This clarity did not come all at once. There were many, times I didn’t realize I had allowed myself to be abused. Then over hours, or even days, I would start to just feel "icky." I would have to retrace my steps, much like you do when you’ve lost something, to think back to what happened and usually, I can pinpoint when the abuse occurred and how my response was not one of clarity, love, or health.Somewhere between then and now I’ve found the courage and have been given the strength to seek truth, whatever the cost, and reside only in that place. I have consciously made the choice to serve Christ, and not my addiction to please my husband. I have chosen truth over illusion. The demand has been great and the suffering greater but what remains, now that the dust is beginning to settle, is a "peace that surpasses all understanding" and the beauty of being a witness to Christ’s healing power.
Thank you for giving me the chance to get these thoughts down on paper. It has been very therapeutic for me. Connecting with people, especially hurting people, ministers to my soul and I am given chances to heal through working through pain with others.
"Since I was a teenager, addiction has been part of my life. I took my first drink at 13. Later, I discovered prescription pain pills. As I continued the uphill struggle with these powerful drugs, my life went downhill. I entered into treatment at age 20 and soon attended Alcoholics Anonymous and found help there.
I continue to go to these meetings, as they help me live a better life clean and sober.
However, there is another addiction in my life that has deep roots: the viewing of pornography. As an adolescent I stumbled upon internet pornography on our family computer. I was ashamed, even embarrassed at first. The women on the screen before me smiled. They seemed to smile directly at me. They didn’t seem to care that they were doing. I shut down the site, petrified that someone would catch me. Even at this early point I had a strong feeling that there was something wrong with looking at these pictures.
As time went on, though, I found myself returning to these websites. I developed “favorites”, all the while knowing this behavior went against my beliefs. Having been brought up Episcopalian and later converting to Orthodox Christianity, I was aware of the Church’s stand on pornography. But this rationale did nothing to stop me. Over the years I tried several times to stop, but only with limited results. Most times I could stop for only a month, or two at best.I became totally clean and sober from drugs and alcohol at age 22. My life began to regain order. I held down a decent job and moved out of my parents’ house. I met a beautiful young lady during a volunteer trip to Mexico. Afterwards, we began to date and soon fell in love and were married. During these happy days, my addiction to pornography seemed to take a brief hiatus. I told myself that I no longer needed these images; I was married to a woman in the flesh! Besides, I was living a clean and sober life. I finally had a handle on my addictions.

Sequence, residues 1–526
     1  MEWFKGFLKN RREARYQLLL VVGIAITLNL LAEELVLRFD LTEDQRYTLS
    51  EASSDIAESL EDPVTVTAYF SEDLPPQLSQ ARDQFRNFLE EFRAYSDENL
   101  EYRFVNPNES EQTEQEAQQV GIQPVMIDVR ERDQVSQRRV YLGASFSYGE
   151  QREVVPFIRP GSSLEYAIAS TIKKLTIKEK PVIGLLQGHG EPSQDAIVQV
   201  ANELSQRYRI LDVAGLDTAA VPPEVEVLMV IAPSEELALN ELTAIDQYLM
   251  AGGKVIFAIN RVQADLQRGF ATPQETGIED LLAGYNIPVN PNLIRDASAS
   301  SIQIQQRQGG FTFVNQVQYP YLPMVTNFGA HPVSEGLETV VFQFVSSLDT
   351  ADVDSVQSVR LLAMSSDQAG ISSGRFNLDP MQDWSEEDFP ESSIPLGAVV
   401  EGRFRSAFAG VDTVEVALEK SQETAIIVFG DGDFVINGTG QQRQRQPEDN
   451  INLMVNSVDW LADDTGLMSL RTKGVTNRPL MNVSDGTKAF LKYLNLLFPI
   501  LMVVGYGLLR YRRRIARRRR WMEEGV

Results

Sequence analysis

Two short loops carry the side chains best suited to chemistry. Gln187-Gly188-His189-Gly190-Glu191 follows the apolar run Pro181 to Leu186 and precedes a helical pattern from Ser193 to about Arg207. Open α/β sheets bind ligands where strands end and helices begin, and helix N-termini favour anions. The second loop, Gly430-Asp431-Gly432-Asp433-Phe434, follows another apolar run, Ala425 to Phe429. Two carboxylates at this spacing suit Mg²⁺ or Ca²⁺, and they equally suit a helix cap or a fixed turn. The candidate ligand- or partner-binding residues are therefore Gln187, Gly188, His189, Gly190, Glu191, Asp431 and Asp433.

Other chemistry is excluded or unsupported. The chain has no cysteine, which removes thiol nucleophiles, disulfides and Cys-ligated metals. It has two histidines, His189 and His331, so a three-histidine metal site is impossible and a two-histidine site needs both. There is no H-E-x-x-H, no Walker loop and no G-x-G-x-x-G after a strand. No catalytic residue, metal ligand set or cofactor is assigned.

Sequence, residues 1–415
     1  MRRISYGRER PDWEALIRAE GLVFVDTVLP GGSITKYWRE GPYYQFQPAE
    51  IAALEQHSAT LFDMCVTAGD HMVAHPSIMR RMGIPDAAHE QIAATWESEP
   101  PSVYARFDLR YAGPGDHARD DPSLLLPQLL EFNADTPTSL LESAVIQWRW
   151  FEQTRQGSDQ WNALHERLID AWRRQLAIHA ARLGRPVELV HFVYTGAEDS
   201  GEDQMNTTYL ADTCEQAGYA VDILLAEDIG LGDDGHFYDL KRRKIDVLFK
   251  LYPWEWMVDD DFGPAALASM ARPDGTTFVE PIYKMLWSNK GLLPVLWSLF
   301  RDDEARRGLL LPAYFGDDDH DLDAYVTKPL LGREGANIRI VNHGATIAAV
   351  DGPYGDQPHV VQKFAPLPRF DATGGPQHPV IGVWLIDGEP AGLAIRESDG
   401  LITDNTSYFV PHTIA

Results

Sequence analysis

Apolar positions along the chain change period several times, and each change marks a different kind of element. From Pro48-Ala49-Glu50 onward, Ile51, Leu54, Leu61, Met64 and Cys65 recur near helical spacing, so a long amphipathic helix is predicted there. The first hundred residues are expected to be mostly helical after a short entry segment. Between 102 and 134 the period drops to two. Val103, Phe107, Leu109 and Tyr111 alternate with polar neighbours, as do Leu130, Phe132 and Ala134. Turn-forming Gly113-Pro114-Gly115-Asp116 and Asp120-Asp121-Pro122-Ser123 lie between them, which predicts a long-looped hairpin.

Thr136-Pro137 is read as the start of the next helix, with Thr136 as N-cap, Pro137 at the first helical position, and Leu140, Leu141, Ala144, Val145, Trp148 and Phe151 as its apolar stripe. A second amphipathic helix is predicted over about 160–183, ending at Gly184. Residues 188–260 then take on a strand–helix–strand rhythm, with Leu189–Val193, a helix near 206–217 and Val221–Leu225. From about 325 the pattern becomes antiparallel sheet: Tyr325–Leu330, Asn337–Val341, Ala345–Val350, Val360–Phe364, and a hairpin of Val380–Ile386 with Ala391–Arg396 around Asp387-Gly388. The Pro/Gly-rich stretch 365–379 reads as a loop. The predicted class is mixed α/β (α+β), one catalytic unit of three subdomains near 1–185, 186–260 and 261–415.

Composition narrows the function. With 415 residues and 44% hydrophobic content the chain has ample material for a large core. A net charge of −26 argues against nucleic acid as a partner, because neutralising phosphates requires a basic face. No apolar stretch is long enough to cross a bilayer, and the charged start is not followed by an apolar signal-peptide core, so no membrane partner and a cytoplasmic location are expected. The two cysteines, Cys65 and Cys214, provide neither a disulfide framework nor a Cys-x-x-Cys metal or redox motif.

Months went by, and the honeymoon phase ended. Before I knew it, I was back at the computer pornography. I didn’t even seem to think about it. My wife found out. Saddened, she asked me why I looked at pornography. Baffled, I could not come up with a good answer.
She forgave me, but my addiction was progressing. That was almost three years ago. I came to Fr. Tom recently for help, and he invited me to the give back group he oversees twice a month. I decided to go. I was nervous to introduce myself. I feel that pornography is a taboo subject. I was not used to talking about it. The second time I attended the group, I nearly ran out of the room, because there were people present who attended my church and knew my wife and I. My wife was pregnant. These people knew that I was a father to be! I felt I could simply not share that I looked at women performing acts on a computer screen for my personal gratification. But Father Tom asked me to share why I came to the group, and, though choking on the words, I said that I struggle with addiction to pornography and told a bit of my story.
I have come to realize that this addiction thrives on secrecy. Its power over me comes through the secrecy in which I shelter it. Whenever I admit to people, whether in or outside the group, that I struggle with this disease, all the shame and humiliation I have felt since I was a teenager melts away, and love takes its place. I know that this is the road to recovery, and that this is how Christ loves me."
The group meets every other Thursday at 7pm.
The Give Back Group is about being real—real emotion good and bad, learning to heal, learning to live, learning to help others who are in pain in the midst of our own pain. You see addiction is about pain. It’s about pain, about anxiety, about depression and our incessant need to change the way we feel instead of learning to live with the feelings we’re experiencing.
“We have Divine power, Divine life, and Divine energy. On the day of the final judgment we shall have to give an answer for the way we have used this Divine power, life, and energy which have been given to us’ whether we have contributed to the harmony in the universe, or have sown disharmony.”
Repentance is the renewal of life. It is not a looking backward but moving forward and leaning forward towards Jesus. This means we must free ourselves of all our negative traits and turn toward absolute Good.
We need repentance. You see, repentance is not only going to a priest and confession.
Repentance is a change of life, a change of direction, turning toward Absolute Good, and leaving behind all that is negative. True repentance is rare, even among the pious, and this is why we suffer so much. If our people were to repent, they would not experience the suffering that they are going through now. We complicate our lives terribly by our thoughts and desires.